False – Doctors often recommend patients to take an aspirin a day if they have already suffered a heart attack or stroke, or are deemed to be at risk of one. However, it is not recommended to take a daily aspirin as a precautionary measure unless you have been advised to by your health professional.
“It’s easy to see if someone is having a stroke” – true or false?
Both true and false – it is easy enough to identify the symptoms of an ischemic stroke – speech will become slurred, one side of the face will droop and there will be weakness in one arm or leg. However, there is more than one type of stroke. A so called ‘silent stroke’ does not have clearly defined symptoms but is just as serious.
Maintaining a low cholesterol level and keeping blood pressure under control is the best way to prevent a stroke.
“You can get stomach ulcers from eating spicy food” – true or false?
False – there is no evidence that shows spicy food alone can cause a stomach ulcer. Bacterial infection may cause stomach ulcers (helicobacter pylori) along with taking high doses of non-steroidal anti-inflammatory drugs (NSAIDs) for long periods of time. However, if you already have an ulcer then spicy food could aggravate it.
“Vitamin supplements can keep you healthy even if you eat badly” – true or false?
False – If you eat a balanced diet then you should be able to get all the vitamins you need to be healthy. Vitamin supplements should not be used as a replacement for a healthy diet. It is recommended, however, that along with eating healthily, vitamin supplements should be taken by pregnant women, children aged between six months and five years and for those aged 65 and over.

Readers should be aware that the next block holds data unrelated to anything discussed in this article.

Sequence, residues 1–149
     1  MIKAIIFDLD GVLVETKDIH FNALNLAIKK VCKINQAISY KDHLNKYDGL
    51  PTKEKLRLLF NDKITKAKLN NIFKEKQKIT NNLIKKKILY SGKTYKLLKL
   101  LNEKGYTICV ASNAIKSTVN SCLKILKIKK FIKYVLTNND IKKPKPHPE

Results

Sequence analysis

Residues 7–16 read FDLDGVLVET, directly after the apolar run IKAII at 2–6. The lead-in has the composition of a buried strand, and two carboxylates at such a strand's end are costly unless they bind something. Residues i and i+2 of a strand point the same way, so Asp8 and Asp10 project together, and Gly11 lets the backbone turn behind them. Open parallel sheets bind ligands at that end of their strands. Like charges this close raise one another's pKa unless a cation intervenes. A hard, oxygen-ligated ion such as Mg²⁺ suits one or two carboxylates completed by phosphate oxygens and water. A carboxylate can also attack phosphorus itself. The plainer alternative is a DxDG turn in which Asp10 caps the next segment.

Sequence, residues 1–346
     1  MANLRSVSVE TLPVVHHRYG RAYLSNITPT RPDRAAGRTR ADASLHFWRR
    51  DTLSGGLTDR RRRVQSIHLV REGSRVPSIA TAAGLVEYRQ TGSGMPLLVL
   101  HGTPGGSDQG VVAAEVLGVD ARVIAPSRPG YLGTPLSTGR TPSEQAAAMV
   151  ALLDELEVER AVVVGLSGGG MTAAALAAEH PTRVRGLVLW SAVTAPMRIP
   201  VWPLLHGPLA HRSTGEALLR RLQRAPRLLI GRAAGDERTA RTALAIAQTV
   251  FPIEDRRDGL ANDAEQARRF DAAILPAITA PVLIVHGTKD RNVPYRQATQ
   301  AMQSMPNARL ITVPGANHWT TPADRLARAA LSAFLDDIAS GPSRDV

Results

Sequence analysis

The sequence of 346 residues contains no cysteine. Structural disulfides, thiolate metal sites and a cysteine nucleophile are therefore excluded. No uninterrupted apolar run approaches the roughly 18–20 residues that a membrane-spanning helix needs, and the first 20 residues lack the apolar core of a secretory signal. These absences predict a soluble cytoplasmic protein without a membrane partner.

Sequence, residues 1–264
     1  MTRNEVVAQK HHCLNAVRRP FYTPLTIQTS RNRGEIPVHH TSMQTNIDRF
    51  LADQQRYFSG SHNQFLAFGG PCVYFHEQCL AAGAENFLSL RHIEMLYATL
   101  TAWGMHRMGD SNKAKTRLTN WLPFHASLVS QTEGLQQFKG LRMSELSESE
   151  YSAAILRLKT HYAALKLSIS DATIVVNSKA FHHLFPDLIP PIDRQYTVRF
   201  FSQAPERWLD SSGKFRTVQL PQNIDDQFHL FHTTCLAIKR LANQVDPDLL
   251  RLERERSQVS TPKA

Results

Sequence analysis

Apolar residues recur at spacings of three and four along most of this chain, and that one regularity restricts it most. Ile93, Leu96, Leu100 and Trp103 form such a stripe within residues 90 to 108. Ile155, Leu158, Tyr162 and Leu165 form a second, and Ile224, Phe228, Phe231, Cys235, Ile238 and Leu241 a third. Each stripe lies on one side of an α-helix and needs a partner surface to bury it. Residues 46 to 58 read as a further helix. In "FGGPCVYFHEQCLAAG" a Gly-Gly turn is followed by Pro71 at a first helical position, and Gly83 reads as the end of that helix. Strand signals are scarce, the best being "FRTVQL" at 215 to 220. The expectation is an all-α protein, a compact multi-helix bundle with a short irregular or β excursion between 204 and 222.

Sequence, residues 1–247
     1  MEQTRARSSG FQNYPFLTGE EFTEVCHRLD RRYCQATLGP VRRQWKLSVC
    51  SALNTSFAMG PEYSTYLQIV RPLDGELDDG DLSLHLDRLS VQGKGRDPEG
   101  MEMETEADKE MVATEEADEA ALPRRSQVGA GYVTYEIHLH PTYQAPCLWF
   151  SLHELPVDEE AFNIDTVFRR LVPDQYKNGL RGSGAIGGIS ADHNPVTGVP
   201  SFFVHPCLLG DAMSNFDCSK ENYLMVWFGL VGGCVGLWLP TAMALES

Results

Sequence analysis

“If you have arthritis then you shouldn’t exercise” – true or false?
False – It is important to try and take some form of exercise if you have arthritis as exercise helps with flexibility, strength and can reduce joint pain. Your doctor should be able to advise on an exercise routine for you that won’t make your arthritis worse but will benefit your muscles and joints.
“You can make up for missed sleep on the weekend and it won’t harm you” – true or false?
False – In the short-term losing the occasional hour of sleep here and there shouldn’t affect you, but continuous lack of sleep can result in health conditions such as heart disease, obesity and diabetes. It is recommended to keep to a sensible sleep routine and refrain from drinking too many caffeinated drinks as these will only give your body a short-term energy boost.